Elise, Jeannine, Ty, Andra and Bill Breshears pose in front of bags that went to local families. St. Philip Benizi is “a small rural parish, but people look out for their neighbors,” said Mary Pattyn, parish business manager.
Elise, Jeannine, Ty, Andra and Bill Breshears pose in front of bags that went to local families. St. Philip Benizi is “a small rural parish, but people look out for their neighbors,” said Mary Pattyn, parish business manager.
OREGON CITY — On Christmas this year, 164 local children from poor and low-income families awoke to treat-stuffed stockings and then shared a holiday feast with their parents, who had a bit less to worry about — for they had a week’s worth of food in the house.

This holiday bounty was not the work of elves or an extra generous Santa but that of parishioners from St. Philip Benizi Church here.

Through the annual Helping Hands program, parishioners ensure a number of area households receive food, gifts and other items during the Christmas season. The parish initiative, at least 25 years old, is organized with assistance from the Oregon City School District. Counselors at each elementary, middle and high school select two families who could use an extra boost.

“This is a small rural parish, but people look out for their neighbors,” said Mary Pattyn, parish business manager. “They like the opportunity to help children in the local area.” This year the parish aided 45 families with kids of all ages.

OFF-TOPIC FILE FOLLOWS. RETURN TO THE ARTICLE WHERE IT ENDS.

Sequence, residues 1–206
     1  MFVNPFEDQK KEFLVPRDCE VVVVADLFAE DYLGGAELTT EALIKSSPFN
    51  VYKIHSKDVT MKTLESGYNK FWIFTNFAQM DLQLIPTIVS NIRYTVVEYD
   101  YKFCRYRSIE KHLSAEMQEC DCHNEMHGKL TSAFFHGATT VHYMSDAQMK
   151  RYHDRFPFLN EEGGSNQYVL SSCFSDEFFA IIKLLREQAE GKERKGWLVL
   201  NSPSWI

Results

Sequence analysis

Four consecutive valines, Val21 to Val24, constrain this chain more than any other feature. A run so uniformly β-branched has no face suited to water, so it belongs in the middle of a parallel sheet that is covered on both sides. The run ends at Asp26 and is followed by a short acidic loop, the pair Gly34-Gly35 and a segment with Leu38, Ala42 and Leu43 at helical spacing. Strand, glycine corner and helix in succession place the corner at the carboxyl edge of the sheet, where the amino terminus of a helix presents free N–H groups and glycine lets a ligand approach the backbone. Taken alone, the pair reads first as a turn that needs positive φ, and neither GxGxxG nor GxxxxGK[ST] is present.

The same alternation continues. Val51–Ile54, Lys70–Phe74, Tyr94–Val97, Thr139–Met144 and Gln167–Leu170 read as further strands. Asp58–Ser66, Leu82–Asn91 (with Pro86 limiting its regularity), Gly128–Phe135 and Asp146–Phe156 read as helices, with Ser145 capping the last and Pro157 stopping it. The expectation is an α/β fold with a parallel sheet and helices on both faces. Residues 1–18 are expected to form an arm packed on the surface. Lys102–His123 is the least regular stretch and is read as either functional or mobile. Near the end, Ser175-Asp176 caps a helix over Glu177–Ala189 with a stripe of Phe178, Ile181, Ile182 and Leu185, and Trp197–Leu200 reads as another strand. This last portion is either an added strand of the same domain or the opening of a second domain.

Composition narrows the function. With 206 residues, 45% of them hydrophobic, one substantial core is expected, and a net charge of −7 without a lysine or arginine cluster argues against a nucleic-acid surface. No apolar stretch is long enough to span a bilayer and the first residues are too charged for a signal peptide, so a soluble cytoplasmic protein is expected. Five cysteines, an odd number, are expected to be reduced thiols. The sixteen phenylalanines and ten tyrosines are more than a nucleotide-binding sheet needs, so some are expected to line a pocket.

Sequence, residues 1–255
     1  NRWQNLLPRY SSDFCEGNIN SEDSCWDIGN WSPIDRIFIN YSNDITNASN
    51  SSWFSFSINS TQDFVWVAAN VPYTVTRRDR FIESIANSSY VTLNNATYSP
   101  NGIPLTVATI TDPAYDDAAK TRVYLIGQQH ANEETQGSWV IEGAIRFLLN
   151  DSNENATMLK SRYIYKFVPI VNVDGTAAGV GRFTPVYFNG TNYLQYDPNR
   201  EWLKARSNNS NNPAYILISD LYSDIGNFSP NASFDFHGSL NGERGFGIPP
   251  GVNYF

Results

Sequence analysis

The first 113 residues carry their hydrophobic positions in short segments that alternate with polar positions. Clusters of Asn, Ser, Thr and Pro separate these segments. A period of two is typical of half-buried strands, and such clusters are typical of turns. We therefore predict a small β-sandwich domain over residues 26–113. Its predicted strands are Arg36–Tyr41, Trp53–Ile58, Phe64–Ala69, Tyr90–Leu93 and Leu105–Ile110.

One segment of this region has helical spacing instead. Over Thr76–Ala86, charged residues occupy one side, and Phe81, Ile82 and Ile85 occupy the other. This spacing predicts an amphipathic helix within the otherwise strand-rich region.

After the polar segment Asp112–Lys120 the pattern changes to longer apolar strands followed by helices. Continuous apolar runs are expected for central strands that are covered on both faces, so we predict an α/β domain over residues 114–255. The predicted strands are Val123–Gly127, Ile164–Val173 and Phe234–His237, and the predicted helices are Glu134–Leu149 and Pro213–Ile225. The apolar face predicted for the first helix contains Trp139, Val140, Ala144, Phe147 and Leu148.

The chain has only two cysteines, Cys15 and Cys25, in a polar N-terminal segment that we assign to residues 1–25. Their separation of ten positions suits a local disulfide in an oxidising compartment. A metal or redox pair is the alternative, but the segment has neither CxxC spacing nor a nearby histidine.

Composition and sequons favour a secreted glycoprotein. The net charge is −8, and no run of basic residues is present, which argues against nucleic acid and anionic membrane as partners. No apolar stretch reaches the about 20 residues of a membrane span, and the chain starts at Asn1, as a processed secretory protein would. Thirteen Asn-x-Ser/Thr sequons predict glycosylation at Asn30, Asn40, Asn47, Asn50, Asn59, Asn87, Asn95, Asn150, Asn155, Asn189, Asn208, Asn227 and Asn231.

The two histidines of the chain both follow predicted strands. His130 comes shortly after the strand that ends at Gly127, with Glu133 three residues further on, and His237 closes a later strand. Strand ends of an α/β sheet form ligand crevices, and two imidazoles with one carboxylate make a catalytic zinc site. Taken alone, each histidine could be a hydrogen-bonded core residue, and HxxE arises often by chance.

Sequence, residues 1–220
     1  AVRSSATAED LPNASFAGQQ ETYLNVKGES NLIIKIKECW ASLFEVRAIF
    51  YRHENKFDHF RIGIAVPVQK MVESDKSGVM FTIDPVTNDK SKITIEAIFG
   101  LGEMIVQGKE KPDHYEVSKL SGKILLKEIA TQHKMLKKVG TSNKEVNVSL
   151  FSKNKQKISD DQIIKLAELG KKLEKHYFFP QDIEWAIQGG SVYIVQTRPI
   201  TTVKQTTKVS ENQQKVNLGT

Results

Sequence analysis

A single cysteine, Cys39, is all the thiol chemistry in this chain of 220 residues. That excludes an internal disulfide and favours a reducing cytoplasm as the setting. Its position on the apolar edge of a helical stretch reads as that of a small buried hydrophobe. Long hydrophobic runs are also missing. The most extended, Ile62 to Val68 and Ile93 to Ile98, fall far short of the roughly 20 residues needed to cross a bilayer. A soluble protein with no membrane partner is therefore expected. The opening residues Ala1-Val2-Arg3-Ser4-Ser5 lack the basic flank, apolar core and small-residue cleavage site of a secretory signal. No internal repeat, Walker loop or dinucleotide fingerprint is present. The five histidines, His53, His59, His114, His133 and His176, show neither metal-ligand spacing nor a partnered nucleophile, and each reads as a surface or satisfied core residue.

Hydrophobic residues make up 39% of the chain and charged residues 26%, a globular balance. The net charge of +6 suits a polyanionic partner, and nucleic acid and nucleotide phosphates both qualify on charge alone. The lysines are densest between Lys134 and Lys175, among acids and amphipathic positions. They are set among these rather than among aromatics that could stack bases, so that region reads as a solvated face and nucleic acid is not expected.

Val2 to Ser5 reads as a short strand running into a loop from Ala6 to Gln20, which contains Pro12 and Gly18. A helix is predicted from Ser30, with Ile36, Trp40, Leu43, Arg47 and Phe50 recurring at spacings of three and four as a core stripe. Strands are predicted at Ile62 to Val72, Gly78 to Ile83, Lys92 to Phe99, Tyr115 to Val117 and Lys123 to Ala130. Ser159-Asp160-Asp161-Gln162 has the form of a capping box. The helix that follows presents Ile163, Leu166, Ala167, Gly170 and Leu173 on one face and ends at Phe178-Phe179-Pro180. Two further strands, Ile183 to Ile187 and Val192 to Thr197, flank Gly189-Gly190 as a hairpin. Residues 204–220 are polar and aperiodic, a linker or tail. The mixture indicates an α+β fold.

Parishioners donate items to the parish food pantry year-round, and near Christmas the food is assembled into baskets and bags. With monetary donations, longtime parishioner Jeannine Breshears, 58, purchases additional fresh food for Christmas meals. There are turkeys and hams, fruit baskets, milk, egg, cheese and bread.

“We want to provide enough so they can make a full Christmas dinner,” said Breshears, who with her husband, Bill, have been involved with Helping Hands for more than two decades. They’ve organized it for the past eight.

Typically parishioners find specific gifts for each child on the list, but the pandemic forced some tweaks for safety, and youths received a $50 gift card instead.

Each stocking still was customized based on age and gender. Goodies included candy, hot chocolate packets and granola bars, plus the pragmatic addition of toothpaste and toothbrushes.

Families also receive necessities such as toilet paper, personal hygiene items and dishwashing detergent.

The Breshears family began participating in the large parish effort when the couple’s four children were young.

“It was a great way to train our kids and help them appreciate the satisfaction and grace that comes from giving,” Breshears said.

All still are involved, and the youngest child, Andra, now 23, currently “is instrumental in the project; she’s my right hand in this,” said Breshears. Andra organizes supplies and coordinates the stocking assembly.

A few days before families came to the parish to pick up items, Breshears acknowledged it would be difficult not to hug the recipients this year.

“But I know there will be lots of waving and the gratitude that comes with helping local families in need,” she said.